Kama Sutra And Wine
There’s a new winery whose Indian owners were inspired by the Kama Sutra.
One of the newest additions to the lively wine and culinary scenes on California’s Central Coast is called LXV. It’s a labor of love for Neeta and Kunal Mittal, both natives of India, who met and fell for each other while attending UC Berkeley.
In their travels through the Golden State, Neeta and Kunal were drawn to the untamed beauty of the hills around Paso Robles. They also loved the wine being produced there. A few years ago, they decided to throw caution to the wind and start making Paso wine. Their goal: to create wines that pair with Indian and other spicy food.
If you visit the winery’s tasting room in downtown Paso Robles, a plate accompanies your tasting. It’s divided into four quadrants; each contains tiny bites of cheese coated in dry herb and spice mixtures.
With the 2014 Summer Satine, a well-balanced viognier, you taste garam masala, prepared by Neeta’s mom back home in India. The 2014 Heart Note, a rosé that was slightly sweet, goes with tamarind, brown sugar, cinnamon and merlot salt. The Crimson Jewel, a combination of sangiovese and petite sirah, is paired with basil, oregano, parsley, and dried bits of tomato, onion and garlic. The 2013 Lover’s Spell, a blend of cabernet sauvignon and syrah, mates with black truffle salt, nutmeg, cinnamon, ginger, allspice and savory.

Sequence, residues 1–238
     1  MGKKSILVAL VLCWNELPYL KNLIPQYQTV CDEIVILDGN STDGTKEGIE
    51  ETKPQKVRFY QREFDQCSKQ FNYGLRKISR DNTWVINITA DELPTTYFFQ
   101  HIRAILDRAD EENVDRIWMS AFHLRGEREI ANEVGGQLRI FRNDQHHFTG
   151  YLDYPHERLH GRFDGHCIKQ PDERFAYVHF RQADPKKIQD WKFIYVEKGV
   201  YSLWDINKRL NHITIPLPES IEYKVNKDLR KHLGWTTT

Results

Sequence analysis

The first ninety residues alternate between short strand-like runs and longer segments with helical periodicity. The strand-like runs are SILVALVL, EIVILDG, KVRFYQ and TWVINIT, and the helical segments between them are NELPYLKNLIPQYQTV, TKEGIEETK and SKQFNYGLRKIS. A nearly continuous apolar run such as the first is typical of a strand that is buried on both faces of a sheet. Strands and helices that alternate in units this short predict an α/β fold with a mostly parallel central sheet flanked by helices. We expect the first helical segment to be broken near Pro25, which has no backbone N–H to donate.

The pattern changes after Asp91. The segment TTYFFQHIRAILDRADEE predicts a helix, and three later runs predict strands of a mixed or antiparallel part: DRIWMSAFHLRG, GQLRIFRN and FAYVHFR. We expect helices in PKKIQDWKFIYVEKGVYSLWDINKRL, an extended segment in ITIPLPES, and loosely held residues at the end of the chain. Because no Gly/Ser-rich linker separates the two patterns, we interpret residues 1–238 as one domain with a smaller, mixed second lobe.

The Kama Sutra connection.
There are 64 arts in the Kama Sutra (contrary to popular belief, the ancient Hindu text is more than a sex guide. It also instructs the reader in the ways of virtuous and gracious living, and its lessons cover even mundane arts such as pillow arranging). Super Bowl fans and others familiar with Roman numerals know that LXV is 65 – in other words, wine-and-food pairing is being presented as the 65th art.
The LXV tasting room is more exotic than most, with deep blue walls, day beds filled with plush pillows and a very non-Western vibe. It’s worth a trip, especially if you’re burned out on the run-of-the-mill tasting room experience. There’s only one downside: afterwards you’ll be hankering for some good Indian food, and Paso Robles, alas, doesn’t have an Indian restaurant. Perhaps that should be the Mittels’ next project.